In 1973, Alfred A. Knopf published Lock the Lock, a compilation of poems, prose, and visual art that Tommy created during his years in the Death House. The work was published completely unedited, and received international acclaim with the support of activist Abbie Hoffman and Tommy’s loved ones. His artwork was also featured in many galleries, including shows in France, Japan, and New York City. With increasing support from the outside, Tommy soon had an army of people from all walks of life, such as Howard Zinn, Kurt Vonnegut, Malcolm Boyd, Joyce Carol Oates, Woody Allen, and John Lennon, who sympathized with his plight and advocated for this release.

Tommy’s initial sentence was commuted once the Supreme Court ruled the death penalty unconstitutional in the early 1970s, and he was moved to the general prison population to serve a life sentence. He spent the next several decades in facilities across New Jersey, and continued to catalyze meaningful change from inside the prison walls. Alongside Rubin “Hurricane” Carter and other incarcerated men, Tommy organized protests and established several successful programs that provided people inside with outlets of education, healing, and growth. Tommy also continued to create— his artwork reflected his spiritual transformation and his fervent fight to live despite the bleakness and desolation of prison life. For the first time in eight years, Tommy felt the sun soak into his skin, saw the moon glowing in the night sky, smelt the trees and grass outdoors, and watched birds fly above him. These feelings and images became motifs in his drawings and paintings, his artwork opening to life as did his spirit. As he wrote in a poem featured in his memoir:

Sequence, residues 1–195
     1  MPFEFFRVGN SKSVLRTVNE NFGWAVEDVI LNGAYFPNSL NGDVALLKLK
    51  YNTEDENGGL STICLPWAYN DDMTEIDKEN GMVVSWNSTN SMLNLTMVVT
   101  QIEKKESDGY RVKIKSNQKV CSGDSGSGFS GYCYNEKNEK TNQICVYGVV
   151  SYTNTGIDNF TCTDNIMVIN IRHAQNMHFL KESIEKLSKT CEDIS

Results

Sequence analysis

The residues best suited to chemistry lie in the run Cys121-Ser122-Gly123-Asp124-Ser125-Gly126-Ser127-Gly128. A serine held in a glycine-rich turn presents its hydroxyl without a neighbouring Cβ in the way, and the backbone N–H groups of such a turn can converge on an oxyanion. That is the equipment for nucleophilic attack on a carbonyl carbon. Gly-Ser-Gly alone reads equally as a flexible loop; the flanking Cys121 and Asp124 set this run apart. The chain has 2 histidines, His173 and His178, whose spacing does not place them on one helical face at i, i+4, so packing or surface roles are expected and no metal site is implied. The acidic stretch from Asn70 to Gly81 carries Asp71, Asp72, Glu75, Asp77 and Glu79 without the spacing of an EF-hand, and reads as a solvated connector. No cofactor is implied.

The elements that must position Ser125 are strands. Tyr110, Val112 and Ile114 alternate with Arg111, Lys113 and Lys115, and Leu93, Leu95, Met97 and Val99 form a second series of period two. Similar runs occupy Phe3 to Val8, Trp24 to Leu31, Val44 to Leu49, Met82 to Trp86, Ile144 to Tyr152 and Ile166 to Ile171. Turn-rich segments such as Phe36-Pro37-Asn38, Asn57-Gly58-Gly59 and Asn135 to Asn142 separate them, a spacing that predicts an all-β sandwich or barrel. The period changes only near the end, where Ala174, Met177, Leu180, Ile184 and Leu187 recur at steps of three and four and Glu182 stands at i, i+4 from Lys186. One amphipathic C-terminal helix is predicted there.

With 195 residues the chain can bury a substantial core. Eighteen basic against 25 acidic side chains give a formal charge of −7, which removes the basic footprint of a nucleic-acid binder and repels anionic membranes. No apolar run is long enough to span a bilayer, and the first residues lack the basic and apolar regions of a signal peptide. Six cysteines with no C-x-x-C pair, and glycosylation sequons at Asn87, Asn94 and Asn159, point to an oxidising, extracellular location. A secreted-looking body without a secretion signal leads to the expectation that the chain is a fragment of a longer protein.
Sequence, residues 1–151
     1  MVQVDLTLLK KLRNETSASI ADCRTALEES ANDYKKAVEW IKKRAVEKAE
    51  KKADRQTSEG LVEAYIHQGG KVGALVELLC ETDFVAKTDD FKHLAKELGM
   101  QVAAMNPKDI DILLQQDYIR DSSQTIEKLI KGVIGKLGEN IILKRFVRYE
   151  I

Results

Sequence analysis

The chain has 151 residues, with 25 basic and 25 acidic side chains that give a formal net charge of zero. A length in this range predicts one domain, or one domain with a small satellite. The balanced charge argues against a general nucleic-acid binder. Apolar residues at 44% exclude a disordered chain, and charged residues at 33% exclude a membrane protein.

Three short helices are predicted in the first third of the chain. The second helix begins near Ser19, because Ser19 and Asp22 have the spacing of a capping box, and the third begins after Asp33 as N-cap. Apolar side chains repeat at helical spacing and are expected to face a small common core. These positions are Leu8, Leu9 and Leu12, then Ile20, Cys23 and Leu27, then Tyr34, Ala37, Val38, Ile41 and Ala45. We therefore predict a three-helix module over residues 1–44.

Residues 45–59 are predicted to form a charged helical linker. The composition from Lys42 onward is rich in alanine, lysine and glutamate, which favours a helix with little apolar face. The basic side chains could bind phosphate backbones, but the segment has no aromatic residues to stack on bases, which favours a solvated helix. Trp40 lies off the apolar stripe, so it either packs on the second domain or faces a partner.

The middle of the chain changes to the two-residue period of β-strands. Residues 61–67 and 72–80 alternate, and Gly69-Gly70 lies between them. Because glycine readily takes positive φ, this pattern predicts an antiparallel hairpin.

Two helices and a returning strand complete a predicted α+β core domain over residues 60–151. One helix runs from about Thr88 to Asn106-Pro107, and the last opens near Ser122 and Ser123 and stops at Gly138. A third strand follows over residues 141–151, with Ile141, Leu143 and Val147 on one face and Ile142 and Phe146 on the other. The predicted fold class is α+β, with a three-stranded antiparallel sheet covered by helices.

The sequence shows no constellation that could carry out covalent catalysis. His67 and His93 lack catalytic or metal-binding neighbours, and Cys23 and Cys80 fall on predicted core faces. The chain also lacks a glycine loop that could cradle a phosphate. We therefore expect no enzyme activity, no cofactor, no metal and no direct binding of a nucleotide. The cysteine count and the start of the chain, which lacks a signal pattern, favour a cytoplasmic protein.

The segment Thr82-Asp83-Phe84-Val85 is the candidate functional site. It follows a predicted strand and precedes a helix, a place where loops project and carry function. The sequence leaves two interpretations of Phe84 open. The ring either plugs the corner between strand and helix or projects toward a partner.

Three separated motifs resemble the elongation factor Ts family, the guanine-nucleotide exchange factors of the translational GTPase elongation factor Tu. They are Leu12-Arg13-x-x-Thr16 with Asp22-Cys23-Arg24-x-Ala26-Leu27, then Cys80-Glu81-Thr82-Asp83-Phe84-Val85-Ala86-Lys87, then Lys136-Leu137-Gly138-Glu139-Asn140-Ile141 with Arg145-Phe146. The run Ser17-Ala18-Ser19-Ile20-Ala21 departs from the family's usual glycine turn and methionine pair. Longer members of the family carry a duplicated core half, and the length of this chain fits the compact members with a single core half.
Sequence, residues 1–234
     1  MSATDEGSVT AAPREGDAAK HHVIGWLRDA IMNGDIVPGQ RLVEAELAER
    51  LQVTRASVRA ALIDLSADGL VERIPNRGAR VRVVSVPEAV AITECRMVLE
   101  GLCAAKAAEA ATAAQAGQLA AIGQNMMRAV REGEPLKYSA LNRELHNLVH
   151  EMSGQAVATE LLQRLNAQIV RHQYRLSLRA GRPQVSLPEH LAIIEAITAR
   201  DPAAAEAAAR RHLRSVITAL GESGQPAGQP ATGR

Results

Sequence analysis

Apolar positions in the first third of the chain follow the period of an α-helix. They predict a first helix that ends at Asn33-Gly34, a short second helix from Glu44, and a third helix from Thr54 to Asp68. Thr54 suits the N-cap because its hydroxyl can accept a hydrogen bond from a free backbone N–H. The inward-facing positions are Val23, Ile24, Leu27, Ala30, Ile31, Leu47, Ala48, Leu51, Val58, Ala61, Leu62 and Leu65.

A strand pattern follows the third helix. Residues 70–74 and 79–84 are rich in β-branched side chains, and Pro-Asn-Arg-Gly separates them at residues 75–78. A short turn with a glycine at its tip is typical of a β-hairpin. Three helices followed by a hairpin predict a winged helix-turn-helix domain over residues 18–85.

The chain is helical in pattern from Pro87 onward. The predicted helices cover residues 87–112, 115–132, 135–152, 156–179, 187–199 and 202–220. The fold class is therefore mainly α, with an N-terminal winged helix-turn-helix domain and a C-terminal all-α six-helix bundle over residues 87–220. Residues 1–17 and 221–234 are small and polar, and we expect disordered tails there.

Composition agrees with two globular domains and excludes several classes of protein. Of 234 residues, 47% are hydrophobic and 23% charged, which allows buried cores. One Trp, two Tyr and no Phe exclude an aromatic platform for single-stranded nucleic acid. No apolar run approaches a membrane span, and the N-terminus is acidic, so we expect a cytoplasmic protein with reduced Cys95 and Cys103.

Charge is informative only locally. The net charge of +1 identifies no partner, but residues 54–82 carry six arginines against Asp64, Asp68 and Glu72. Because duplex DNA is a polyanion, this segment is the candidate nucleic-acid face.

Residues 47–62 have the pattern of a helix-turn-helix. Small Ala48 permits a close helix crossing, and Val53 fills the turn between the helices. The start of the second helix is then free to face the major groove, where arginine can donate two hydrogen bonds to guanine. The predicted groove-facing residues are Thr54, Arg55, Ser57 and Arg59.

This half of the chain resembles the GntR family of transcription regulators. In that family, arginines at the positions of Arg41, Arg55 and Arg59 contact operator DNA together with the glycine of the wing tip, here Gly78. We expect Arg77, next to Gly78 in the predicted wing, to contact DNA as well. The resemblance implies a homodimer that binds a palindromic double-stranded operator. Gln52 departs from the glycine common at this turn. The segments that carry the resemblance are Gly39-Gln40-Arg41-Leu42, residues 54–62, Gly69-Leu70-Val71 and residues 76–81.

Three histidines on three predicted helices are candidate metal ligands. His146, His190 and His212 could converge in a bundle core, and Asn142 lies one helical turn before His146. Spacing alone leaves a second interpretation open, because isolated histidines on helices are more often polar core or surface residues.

After 12 parole hearings and nearly 40 years of imprisonment––the longest anyone has ever served in the state of New Jersey at the time––Tommy was officially paroled on February 11, 2002: his birthday. On the outside, he continued to work towards building a better world for himself and people around him, participating in several speaking engagements at universities, working on homeless outreach with the Volunteers of America, and founding a reentry program with the Quakers, where he became lifelong friends with my professor, Dr. Michele Lise Tarter. In the summer of 2022, Dr. Tarter called me and asked if I would like to visit Tommy with her. I eagerly agreed, and couldn’t wait to officially meet Tommy in person for the first time. 

When I walked through the door, I instantly noticed the artwork that fills Tommy’s apartment. His walls are adorned with the paintings and drawings he made during his incarceration and upon his release, and there are piles of additional artwork, short stories, and poems that Tommy has produced over the years. We decided to work on creative projects together, and I have since been visiting Tommy every week. We spend hours listening to music, writing, drawing, laughing, and sharing joy in each other’s company. He always offers me deep, insightful wisdom, and truly inspires me to become a better person each day.

From the darkness of the Death House, Tommy Trantino emerged as a beam of light, continually encouraging me and those around him to have faith, persevere, and never stop working towards our collective liberation.

Jess Abolafia and Malcolm Tariq, senior manager of editorial projects for PEN America’s Prison and Justice Writing Program, speak with Tommy Trantino about his time organizing inside prison, how he started making art, and the production of Lock the Lock.

Jess Abolafia is the Prison and Justice Writing Program Assistant at PEN America. She graduated summa cum laude from The College of New Jersey with a BA in English and African-American Studies, and is currently working towards her masters degree in English at the College. Abolafia has instructed a writing-workshop at the only women’s maximum-security prison in New Jersey, empowering incarcerated women to use writing as a tool of healing and liberation. She is also working on several book projects with system-impacted individuals, including co-editing the memoir of an incarcerated woman sentenced to life in prison as a teenager, and compiling the paintings, drawings, and poems of an artist who found freedom through his artwork during nearly four decades of incarceration, including eight years on Death Row.